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4 kids. 3 dogs. 1 amazing wife. 1 great job. And a huge passion for food. Cooking it, tasting it, growing it. An abiding love and respect for the farmers, artisans and other individuals committed to bringing the best to your table and mine.

Come along for the ride. You can never be quite sure of where we're going, but it will almost always be delicious.

Sunday, September 7, 2014

Thursday's Market Revisited (Or Why Culinary Inspiration Can Be a Pain In The ASS)

With the kids away today, I gave some thought to a nice dinner for the two of us. I still had a few things left from my trip to the East Gwillimbury Farmer's Market on Thursday, most notably some beautiful rainbow swiss chard from Cooper's Farms.

At this point, an idea popped into my head. What about making a potato cake, or something like it, with a filling of sauteed swiss chard and ham? My first thought was, "That's a hell of a lot of work for a light supper on your day off. Just cook the chard and make potato cakes and be done with it."  I probably should have listened to that thought. But I didn't.

So, off to the kitchen to try and make this dish a reality. (What follows really isn't a recipe per se, and you won't find any measurements included. This is simply documenting the ridiculous lengths I sometimes go to to satisfy my culinary curiosities.)

1. I sauteed off the washed and chopped swiss chard leaves with garlic, onions, butter and a bit of diced smoked German ham. It was important to cook the leaves until no more moisture was being released. Any excess water would have made for a soggy cake. Once the mixture was completely dry, I stirred in a bit of fresh Ontario goat cheese and then chilled the mixture in the fridge. When it was completely chilled, I placed it between 2 layers of cling film and rolled it out to a disc, roughly the same size as my pan, and transferred it back to the fridge.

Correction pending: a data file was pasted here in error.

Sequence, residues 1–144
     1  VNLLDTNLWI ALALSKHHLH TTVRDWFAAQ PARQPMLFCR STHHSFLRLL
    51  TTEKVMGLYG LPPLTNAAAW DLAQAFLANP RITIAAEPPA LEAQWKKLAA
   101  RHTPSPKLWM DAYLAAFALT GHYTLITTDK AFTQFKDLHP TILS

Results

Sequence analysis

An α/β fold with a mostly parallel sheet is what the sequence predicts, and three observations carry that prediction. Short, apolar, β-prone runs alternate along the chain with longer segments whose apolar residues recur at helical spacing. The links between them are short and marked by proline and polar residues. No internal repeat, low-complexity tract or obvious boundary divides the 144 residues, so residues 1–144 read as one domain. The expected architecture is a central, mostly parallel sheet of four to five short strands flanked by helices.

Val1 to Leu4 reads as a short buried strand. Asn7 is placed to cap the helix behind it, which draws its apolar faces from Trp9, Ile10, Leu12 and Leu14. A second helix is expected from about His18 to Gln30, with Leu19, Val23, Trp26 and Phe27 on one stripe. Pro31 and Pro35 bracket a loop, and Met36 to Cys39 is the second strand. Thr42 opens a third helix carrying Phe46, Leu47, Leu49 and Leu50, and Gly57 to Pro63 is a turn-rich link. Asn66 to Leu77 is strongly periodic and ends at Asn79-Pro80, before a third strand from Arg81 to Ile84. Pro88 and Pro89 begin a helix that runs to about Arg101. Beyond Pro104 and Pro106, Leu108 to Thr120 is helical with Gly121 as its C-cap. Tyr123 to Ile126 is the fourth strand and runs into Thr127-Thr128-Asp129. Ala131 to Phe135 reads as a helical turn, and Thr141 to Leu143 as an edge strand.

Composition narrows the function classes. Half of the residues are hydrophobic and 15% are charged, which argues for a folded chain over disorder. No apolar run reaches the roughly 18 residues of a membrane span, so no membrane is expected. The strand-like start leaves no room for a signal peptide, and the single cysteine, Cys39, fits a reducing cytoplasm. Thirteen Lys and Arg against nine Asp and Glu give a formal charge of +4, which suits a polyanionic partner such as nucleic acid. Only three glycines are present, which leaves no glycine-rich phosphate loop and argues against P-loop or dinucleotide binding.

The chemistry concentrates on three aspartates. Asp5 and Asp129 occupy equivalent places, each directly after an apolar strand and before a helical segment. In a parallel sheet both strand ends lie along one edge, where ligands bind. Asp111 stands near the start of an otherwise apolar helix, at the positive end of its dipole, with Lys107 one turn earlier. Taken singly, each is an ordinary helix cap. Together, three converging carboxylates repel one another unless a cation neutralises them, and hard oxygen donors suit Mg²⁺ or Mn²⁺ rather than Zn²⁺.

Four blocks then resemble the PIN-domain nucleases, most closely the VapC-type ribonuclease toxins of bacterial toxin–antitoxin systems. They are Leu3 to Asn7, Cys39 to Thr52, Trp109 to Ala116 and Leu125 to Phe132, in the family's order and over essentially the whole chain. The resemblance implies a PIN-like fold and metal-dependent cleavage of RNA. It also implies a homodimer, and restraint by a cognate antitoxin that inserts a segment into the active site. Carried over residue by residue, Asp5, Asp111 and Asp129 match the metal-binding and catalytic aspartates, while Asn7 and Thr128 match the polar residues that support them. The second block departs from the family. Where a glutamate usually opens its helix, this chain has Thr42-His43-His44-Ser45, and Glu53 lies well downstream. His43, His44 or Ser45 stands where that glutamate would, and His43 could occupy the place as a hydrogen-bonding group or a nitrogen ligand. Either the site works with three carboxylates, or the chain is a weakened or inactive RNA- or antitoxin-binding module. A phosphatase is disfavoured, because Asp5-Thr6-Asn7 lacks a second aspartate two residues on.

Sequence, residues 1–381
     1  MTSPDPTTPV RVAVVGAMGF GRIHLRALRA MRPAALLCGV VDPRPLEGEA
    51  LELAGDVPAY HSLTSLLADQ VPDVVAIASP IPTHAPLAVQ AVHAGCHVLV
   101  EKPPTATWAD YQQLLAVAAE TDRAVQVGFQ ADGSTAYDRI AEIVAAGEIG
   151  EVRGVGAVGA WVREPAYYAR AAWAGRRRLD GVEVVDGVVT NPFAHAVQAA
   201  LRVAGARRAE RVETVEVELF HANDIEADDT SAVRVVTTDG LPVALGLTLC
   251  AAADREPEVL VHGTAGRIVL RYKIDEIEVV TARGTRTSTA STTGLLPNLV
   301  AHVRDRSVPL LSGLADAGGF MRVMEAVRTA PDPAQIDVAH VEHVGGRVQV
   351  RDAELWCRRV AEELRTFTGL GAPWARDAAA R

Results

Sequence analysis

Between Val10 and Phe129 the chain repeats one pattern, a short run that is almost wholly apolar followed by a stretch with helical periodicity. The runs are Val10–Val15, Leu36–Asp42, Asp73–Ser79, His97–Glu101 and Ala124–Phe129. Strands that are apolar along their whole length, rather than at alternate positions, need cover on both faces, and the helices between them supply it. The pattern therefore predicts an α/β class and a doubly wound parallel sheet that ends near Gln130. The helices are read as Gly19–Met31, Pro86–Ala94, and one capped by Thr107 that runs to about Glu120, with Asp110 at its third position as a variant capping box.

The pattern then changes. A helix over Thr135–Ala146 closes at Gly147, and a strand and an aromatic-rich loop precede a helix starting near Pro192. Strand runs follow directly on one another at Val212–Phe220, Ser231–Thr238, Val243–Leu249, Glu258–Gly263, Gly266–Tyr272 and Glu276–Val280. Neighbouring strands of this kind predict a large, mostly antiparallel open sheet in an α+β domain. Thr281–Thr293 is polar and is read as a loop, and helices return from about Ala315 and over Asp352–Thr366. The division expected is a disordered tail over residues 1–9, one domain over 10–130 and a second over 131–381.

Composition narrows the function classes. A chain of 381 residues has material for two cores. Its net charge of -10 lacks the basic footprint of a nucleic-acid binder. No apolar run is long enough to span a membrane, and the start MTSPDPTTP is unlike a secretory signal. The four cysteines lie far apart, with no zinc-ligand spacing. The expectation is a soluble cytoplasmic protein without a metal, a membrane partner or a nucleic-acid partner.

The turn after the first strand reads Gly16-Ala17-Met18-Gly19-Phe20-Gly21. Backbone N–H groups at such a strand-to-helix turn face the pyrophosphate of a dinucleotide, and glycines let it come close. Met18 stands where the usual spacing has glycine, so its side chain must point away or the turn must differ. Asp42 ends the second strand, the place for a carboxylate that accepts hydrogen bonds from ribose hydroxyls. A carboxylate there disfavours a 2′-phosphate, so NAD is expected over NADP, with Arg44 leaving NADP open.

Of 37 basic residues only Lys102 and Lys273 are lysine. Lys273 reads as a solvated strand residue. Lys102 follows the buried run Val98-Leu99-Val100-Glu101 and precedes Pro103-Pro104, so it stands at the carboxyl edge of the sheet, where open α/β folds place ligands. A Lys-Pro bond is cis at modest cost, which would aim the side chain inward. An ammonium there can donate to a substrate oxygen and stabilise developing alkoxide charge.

2. Now on to the potato cake. I steamed some potatoes until 3/4 cooked and let them cool before peeling and grating them. I tossed in an egg and some fresh picked rosemary and thyme from the garden. A few grinds of black pepper and some sea salt and our mixture was ready.

3. Time to execute. I fried up 1/2 the mixture, taking care to press it out to the full size of the pan. Once it was golden brown, I placed a plate on top of the pan and flipped out the cake. I then slid it back into the pan and cooked the opposite side.(An old trick I learned making tortilla espaƱola in an unlicensed tapas bar in beneath a convent in London.) I set this cake aside and prepared another in exactly the same way.

4. Now, I slid the goat cheese disc onto the 1st cake and topped it with the second. Another 5 minutes on the stove to heat through and it was done.

It took an awful lot of work, but I have to admit it was absolutely delicious. It would have been a lot easier to make something simpler, BUT WHERE'S THE FUN IN THAT?!?!?!

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